Utilities could hide personal data
Compiled from Times wires
Legislation that would exempt names and other information about residential and business customers of public utilities from being public record passed a Florida Senate committee Thursday.
The Communication and Public Utilities Committee chaired by Sen. Mike Bennett, R-Bradenton, forwarded the bill by a 6-1 vote to the Governmental Oversight and Productivity Committee.
The bill (SB 304), sponsored by Sen. Nancy Argenziano, R-Crystal River, would exempt from public disclosure under the Sunshine Law the name, address, telephone number, corporate taxpayer identification number and other data on customers held by several public utilities. It would apply to water, wastewater, solid waste, natural gas, electric, cable TV or telecommunications utilities owned or operated by a public agency. Bennett said such an exemption already exists for private utilities.
The bill has been criticized by newspaper editors and the First Amendment Foundation, which believe the press and public have a right to the information.
Former Sen. Curt Kiser, a lobbyist for the Florida Society of Newspaper Editors, said the information has helped reporters track down officials who have violated their own water bans and said a private citizen has used utility records to find properties that were missing from tax rolls.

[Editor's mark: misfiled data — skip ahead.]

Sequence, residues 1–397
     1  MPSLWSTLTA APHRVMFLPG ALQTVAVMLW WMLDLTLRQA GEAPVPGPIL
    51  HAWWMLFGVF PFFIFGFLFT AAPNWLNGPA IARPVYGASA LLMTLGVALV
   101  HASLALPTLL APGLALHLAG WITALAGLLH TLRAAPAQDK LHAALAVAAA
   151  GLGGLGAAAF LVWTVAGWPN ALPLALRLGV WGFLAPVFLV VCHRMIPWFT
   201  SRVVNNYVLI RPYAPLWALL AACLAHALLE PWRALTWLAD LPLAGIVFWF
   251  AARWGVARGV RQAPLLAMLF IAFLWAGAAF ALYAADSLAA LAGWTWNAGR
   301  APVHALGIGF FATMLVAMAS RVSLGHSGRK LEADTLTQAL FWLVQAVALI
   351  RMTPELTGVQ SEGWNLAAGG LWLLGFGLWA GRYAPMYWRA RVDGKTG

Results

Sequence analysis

A similar bill (HB 451) is moving through the House.
Lawmaker fights for switchblades
A bill approved by a House committee Thursday would allow firefighters and hunters to carry switchblade knives, which spring open at the push of a button.
Rep. Greg Evers, R-Milton, said the bill (HB 1227) was needed because a judge recently interpreted a 1985 law that bans self-propelled knives to include switchblades.
"What this bill would do is allow ... an automatic knife, where you push a button and a blade would come open," Evers said. "These knives are used by your fireman, by your policemen, by your hunters and collectors all across Florida."
The House Criminal Justice Committee unanimously approved the bill. An identical bill (SB 2256) is pending in the Senate.
Misuse of fertilizer targeted
Rep. Dwight Stansel wants stiffer penalties for people who steal a common fertilizer and use it to make drugs.
Stansel, D-Live Oak, said people steal anhydrous ammonia from farms and use it to make methamphetamines, but they don't now face a heavy penalty if caught.
"You steal a 20-pound cylinder of anhydrous ammonia, it's maybe worth $2," said Stansel, who is a farmer.
The House Criminal Justice Committee unanimously passed his bill (HB 785) that would make it a third-degree felony to steal the product. An identical bill (SB 785) is in the Senate.
For information about legislation, call 1-800-342-1827 or 1-850-488-4371 toll-free during business hours.
The Legislature's official Web site: www.leg.state.fl.us
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From the Times state desk
From the state wire